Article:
Can You Negotiate Alimony?
Yes! One of the great things about divorce in Florida is that men and women have control. They can set the terms of their divorce, including whether they receive alimony.
Of course, getting a spouse to agree to alimony is not always easy. There might be legitimate disagreements about the amount or duration. We advise all divorcing men and women to hire a Jupiter alimony lawyer to give them a leg up in negotiations.
Identify what You Could Get without an Agreement
You can’t effectively negotiate alimony unless you know what you are likely to get should negotiations fall through. Without this information, you might agree to receive too little (or pay too much). For this reason, sit down with your Jupiter divorce lawyer and look over the law, which you can find at Fla. Stat. § 61.08.
Florida’s alimony statute essentially says that a judge must first find there is an “actual need” for alimony and that the other spouse can pay for it. The judge will look at several factors, including the length of the marriage, the standard of living, and each spouse’s health and financial resources (among other factors).
This analysis is necessarily subjective, and no two judges will see the issue the same way. However, an attorney should use her experience to determine the likelihood that a judge will order alimony if the issue is contested.
Find Full Documentation
Don’t rely on your spouse to happily hand over full documentation of finances. Instead, try to pull together as much as you can. Your attorney wants to see evidence of all assets obtained while married, including retirement accounts.
Also document income. Your spouse might qualify for bonuses or commissions, so find information about the employer’s policies regarding this income.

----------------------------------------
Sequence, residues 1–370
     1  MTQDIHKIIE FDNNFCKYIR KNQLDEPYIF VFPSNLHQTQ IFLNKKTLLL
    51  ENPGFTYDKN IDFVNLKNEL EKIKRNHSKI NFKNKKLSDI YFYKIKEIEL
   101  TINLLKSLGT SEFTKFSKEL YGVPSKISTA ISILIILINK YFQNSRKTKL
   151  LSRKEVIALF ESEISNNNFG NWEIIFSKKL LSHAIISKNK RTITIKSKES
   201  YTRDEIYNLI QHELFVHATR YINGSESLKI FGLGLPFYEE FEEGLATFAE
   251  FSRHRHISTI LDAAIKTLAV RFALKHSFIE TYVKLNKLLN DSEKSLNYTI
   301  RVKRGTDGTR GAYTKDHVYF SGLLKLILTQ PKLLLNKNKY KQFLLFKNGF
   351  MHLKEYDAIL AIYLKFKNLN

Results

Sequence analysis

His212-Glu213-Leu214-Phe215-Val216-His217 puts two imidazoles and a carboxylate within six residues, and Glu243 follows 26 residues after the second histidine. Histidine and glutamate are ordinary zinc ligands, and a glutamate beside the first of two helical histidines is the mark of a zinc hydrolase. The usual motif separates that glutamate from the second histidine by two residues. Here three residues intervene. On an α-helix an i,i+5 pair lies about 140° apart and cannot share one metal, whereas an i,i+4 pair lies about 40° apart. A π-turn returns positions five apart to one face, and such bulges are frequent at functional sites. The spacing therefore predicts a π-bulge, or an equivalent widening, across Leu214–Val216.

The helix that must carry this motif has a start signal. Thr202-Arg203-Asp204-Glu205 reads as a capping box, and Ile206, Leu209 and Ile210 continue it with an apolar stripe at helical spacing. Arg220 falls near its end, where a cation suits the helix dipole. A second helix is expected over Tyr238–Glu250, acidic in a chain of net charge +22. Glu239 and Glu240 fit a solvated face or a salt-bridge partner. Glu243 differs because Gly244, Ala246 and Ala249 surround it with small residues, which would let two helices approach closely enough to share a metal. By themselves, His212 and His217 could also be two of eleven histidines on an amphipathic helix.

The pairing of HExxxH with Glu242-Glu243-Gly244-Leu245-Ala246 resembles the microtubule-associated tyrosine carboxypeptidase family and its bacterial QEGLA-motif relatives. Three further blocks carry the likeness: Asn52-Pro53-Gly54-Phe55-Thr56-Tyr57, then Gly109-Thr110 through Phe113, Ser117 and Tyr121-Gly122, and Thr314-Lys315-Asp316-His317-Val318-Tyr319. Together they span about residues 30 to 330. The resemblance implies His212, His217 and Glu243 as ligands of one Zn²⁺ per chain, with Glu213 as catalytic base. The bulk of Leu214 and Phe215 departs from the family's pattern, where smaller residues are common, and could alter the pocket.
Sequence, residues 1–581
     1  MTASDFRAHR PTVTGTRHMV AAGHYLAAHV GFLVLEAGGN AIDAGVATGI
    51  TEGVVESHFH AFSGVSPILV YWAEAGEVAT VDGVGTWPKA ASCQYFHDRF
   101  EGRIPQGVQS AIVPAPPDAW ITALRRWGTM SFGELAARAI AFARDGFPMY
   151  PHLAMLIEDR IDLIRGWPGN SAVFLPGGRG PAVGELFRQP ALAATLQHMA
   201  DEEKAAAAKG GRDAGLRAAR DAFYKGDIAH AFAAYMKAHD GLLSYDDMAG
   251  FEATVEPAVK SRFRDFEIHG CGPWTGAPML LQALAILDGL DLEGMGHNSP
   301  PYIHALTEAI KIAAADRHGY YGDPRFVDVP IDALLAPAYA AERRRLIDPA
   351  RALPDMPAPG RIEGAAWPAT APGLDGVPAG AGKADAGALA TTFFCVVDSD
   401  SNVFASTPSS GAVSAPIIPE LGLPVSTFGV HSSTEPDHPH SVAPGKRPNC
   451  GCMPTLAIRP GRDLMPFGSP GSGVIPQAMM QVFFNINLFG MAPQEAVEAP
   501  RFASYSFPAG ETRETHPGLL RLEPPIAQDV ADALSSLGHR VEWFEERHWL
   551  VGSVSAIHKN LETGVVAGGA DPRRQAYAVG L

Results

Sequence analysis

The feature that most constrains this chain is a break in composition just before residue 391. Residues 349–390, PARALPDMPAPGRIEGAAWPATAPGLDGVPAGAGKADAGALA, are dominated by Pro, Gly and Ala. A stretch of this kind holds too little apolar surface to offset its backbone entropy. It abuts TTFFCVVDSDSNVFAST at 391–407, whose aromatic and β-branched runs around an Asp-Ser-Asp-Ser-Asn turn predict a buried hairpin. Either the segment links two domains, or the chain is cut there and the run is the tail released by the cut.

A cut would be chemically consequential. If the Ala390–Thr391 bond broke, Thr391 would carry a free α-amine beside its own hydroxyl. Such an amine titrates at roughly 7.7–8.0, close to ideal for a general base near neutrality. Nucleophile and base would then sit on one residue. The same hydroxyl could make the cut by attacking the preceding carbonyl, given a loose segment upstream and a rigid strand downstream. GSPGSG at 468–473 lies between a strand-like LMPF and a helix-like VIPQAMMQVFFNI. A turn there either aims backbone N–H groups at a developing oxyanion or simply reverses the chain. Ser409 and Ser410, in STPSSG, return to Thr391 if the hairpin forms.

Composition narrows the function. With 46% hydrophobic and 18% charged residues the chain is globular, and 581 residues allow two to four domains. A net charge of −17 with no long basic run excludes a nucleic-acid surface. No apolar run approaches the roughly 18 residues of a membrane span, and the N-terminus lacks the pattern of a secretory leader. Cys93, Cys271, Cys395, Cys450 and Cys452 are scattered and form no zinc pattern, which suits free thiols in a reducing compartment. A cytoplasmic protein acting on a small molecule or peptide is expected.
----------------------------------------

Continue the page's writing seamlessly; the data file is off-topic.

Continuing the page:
Set a Budget
Before you can negotiate, you also need to identify how much alimony you need. This is different from how much you would like. You might “like” to get $3,000 a month. However, you might only need $1,000.
Create a budget that fully accounts for how much it costs to set up a separate household. Also consider other goals, such as finishing your education. You might want to get a two-year degree, so calculate what that will cost in tuition, fees, books, and miscellaneous expenses.
Identify What to Give Up
Effective negotiation usually requires give and take. You might want to avoid paying any alimony to your spouse, but that means you’ll probably have to give something else up in return. For example, you might agree to let your wife have the family home or a bigger chunk of a retirement account. This tradeoff can work for a higher-earning spouse because he can avoid the uncertainty of being taken to the cleaners by the judge ordering a huge alimony award.
If you are the lower-earning spouse, you also might need to give up something to secure a favorable alimony award. Talk about your strategy with your attorney.
Call Us Today
Caroline Olsen, P.A. handles all aspects of a Florida divorce. Our team can negotiate alimony and property disputes so that our clients exit the marriage in the best shape possible. Please call us today to schedule a consultation. Our office serves Jupiter, Boca Raton, and Plantation.